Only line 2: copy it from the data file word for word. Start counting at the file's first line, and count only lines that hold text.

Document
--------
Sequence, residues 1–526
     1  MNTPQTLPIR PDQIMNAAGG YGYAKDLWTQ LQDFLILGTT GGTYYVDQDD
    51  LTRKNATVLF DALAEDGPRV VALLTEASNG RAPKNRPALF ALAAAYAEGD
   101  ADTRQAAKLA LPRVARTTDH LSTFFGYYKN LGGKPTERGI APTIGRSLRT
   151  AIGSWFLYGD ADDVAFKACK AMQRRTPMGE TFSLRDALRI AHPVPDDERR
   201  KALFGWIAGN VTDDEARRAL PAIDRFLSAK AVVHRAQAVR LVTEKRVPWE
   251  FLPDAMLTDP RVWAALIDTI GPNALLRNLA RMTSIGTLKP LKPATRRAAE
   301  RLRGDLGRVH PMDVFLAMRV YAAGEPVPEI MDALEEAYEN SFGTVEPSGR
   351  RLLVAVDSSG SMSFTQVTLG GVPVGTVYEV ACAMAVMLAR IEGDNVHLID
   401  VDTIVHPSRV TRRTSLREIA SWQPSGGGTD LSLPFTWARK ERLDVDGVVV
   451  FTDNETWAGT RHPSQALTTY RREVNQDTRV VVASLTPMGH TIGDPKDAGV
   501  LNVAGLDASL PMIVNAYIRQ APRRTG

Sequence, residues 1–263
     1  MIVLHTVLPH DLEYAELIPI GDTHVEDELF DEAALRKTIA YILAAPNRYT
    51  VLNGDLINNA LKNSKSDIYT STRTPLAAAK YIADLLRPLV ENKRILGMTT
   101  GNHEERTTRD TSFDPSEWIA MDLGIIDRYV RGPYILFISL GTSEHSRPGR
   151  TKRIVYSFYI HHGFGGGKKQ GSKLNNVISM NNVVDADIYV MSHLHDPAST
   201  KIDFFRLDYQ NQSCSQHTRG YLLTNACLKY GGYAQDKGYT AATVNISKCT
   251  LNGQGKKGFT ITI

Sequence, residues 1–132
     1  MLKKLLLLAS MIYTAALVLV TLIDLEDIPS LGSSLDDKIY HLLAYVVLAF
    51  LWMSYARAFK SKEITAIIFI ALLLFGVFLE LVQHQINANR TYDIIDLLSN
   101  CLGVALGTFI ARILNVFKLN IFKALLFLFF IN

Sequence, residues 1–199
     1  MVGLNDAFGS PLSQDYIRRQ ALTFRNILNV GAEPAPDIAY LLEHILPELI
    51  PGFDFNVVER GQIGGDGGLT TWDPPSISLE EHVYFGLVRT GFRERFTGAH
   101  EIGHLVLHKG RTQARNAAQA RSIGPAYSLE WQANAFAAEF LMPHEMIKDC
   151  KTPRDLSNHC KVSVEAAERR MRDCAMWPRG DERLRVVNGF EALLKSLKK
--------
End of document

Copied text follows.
     1  MNTPQTLPIR PDQIMNAAGG YGYAKDLWTQ LQDFLILGTT GGTYYVDQDD